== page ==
Detroit crime boss Corey (Cocaine Sonny) Bailey, the second-in-command and co-founder of the Seven Mile Bloods street gang, and four of the gang’s top lieutenants, were convicted on racketeering, narcotics, weapons, assault and murder counts in federal court this week. The 30-year old Bailey, also a rapper, has been in prison since the summer of 2014 on an unrelated gun charge.

Robert (Ro Da Great) Brown, Eugene (Fist) Fisher, Arlandis (Grimey) Shy and Keithon (KP the Prince) Porter were found guilty as well. The trial lasted nearly two months. The jury deliberated for an entire week. Fisher was only convicted on a pair of illegal firearm charges.  Brown is one of the gang’s co-founders and beat a murder rap.

The case was brought against the entire leadership structure of the Seven Mile Bloods in 2016 and broken up into separate trials for the 21 people named in the indictment. The first group of defendants to go to trial were either acquitted or had a hung jury back in the winter. The next group heads to trial in the fall.  Prosecutors are seeking the death penalty against Seven Mile Bloods boss Billy (Killa) Arnold. Four of the five men convicted this week face life in prison upon sentencing.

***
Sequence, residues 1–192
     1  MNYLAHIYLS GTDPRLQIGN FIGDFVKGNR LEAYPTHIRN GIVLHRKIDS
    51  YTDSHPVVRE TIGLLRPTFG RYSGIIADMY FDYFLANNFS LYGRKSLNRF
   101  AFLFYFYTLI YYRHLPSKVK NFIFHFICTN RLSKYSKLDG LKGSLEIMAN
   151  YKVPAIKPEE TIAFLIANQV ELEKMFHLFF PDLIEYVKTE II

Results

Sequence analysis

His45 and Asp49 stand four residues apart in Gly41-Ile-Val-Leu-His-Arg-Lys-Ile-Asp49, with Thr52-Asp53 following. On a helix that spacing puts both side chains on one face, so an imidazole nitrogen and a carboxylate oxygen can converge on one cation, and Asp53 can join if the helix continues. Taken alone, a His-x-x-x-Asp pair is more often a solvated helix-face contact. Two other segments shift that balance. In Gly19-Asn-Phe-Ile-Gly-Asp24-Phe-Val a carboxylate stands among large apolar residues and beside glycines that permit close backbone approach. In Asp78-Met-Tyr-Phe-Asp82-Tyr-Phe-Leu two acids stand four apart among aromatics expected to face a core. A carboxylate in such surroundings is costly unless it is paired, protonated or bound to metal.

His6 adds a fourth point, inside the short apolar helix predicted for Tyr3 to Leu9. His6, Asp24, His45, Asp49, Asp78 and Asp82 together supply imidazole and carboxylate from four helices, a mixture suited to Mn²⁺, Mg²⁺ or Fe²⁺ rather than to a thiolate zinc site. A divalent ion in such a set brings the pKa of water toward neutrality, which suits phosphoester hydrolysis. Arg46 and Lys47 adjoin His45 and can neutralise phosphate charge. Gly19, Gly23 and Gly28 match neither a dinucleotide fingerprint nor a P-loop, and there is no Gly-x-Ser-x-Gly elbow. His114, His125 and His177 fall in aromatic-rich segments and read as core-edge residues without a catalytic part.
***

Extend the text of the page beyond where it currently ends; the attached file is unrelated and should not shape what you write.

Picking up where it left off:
Bailey was convicted in the July 2014 killing of adversary Djuan (Neff) Page where Page was shot to death in a drive-by shooting. Porter, 32, was convicted in the May 2015 slaying of rival gang member Dvante (Little D) Roberts. Page belonged to the Hustle Boys gang and Roberts was a Mapleridge Boys gangbanger. Both the Hustle Boys and Mapleridge Boys were at war with the Seven Mile Bloods. Just days before Roberts’ homicide, Seven Mile Blood co-founder Devon (Block) McClure was killed.

The Seven Mile Bloods have been the most dominant street gang in Detroit’s underworld for the past decade, controlling the drug trade on the Motor City’s notoriously dangerous northeast side (dubbed the “Red Zone” or the “4820-DIE”) with a heavy handed, shoot-first-ask-questions-later mentality that has left a trail of rivals’ dead bodies and drawn the ire of federal law enforcement. The group’s penchant for being active and boastful on a number of different social media platforms and releasing rap videos (under the Hard Work Entertainment banner) bragging of their exploits gave the feds the ammunition they needed to go after it.

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